Sometimes you hear a story that you just know can’t be true. This is one of those stores, and while I swear it really happened, there is nothing I can do to prove it to you. All we brought back with us was the sand in our clothes. We gathered up as much of that as we could, and put it in this little glass jar, but it looks like regular old sand. I know what you’re thinking; you could have just filled that up with sand from Lido Beach on any one of a thousand trips there. We didn’t, but unless some scientist can prove it’s from 2500BC Sumer and not 2018AD Sarasota, you’ll have to take my word for it.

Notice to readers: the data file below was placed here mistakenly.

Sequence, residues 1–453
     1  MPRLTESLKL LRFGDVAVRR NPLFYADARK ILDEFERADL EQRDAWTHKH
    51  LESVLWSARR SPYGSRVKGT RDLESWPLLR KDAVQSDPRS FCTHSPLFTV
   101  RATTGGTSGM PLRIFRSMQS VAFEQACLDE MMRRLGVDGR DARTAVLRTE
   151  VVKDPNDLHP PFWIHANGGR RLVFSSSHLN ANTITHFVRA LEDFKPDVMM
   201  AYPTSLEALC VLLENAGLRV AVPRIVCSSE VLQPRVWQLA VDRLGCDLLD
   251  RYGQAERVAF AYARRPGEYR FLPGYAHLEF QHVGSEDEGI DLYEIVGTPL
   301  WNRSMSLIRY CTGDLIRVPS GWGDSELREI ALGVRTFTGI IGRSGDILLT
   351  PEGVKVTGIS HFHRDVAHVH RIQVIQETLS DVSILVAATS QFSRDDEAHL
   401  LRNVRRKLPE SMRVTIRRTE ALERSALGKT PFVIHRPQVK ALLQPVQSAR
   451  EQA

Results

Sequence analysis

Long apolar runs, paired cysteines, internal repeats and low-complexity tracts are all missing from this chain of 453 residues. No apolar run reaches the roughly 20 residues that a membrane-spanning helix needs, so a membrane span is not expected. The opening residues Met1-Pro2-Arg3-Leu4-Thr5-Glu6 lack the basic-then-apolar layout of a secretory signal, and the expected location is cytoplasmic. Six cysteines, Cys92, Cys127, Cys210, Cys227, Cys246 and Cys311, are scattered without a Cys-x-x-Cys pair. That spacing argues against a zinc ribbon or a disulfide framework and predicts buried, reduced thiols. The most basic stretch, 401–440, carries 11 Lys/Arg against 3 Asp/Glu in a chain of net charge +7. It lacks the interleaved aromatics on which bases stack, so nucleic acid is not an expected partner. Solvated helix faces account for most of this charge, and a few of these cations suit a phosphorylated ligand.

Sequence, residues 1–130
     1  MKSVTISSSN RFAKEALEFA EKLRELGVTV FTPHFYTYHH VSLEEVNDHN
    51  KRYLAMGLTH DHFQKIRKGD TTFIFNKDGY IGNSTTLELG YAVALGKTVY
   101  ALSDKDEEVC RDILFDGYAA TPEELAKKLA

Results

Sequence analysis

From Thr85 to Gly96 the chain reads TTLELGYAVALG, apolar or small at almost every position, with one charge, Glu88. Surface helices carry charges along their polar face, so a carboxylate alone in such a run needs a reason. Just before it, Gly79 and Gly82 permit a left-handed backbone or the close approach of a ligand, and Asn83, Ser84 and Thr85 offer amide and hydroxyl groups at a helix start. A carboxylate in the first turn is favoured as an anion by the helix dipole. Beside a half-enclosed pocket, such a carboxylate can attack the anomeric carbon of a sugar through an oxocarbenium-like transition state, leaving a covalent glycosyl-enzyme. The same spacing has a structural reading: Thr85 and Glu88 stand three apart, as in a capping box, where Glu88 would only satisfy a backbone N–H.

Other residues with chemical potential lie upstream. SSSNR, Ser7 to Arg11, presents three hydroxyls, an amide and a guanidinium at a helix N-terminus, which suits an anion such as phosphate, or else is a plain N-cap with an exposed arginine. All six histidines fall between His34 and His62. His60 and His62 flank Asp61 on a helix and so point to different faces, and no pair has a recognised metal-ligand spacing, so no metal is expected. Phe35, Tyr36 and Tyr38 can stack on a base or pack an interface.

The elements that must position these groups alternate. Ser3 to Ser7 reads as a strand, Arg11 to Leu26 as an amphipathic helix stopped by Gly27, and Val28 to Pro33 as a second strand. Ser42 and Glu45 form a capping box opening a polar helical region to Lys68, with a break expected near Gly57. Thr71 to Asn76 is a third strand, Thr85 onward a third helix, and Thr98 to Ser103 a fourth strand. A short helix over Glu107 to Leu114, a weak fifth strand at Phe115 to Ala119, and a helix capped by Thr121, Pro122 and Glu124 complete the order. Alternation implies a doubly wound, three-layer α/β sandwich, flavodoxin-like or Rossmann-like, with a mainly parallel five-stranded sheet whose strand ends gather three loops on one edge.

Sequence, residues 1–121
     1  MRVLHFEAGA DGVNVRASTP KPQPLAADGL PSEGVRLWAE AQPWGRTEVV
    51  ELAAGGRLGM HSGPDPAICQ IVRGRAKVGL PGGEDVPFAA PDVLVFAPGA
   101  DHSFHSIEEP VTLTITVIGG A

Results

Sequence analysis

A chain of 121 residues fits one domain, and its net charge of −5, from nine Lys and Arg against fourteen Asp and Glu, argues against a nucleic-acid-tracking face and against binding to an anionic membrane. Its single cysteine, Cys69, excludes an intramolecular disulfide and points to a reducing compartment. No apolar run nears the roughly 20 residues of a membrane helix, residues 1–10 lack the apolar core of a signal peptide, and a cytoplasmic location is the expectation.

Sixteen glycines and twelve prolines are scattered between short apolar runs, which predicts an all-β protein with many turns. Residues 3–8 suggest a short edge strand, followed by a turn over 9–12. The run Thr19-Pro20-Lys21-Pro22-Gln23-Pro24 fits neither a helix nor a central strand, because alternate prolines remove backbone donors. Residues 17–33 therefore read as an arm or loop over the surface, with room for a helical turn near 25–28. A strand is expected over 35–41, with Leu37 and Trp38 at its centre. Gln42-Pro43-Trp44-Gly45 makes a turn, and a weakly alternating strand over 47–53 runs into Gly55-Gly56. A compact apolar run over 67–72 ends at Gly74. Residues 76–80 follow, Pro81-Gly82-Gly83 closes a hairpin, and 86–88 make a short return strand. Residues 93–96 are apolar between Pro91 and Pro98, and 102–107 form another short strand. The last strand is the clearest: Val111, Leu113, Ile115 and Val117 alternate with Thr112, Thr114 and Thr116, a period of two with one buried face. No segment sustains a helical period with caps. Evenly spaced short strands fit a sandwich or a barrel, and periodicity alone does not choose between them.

Before you hear the story, I guess I should tell you a little bit about how this whole thing got started. I blame everything on my best friend Nicky. It’s his fault we got stuck with the topic we ended up with in the first place. See we were sitting in our world history class when our teacher, Mr. Reed, gave us an assignment. We had to work in pairs, so no problem me and Nicky of course. Each pair had to select a topic from the board and complete a research project on it. This is where it becomes Nicky’s fault. As my best friend, he knows I sometimes get lost in my thoughts in class. He was supposed to pay attention and get us a great topic, but he didn’t. In fact, he waited till the very end, and we got stuck with Gilgamesh. I mean how horrific is that? I didn’t want to do a report on some stupid old giant that might or might not have been a real person, but it didn’t matter, thanks to Nicky that was our assignment.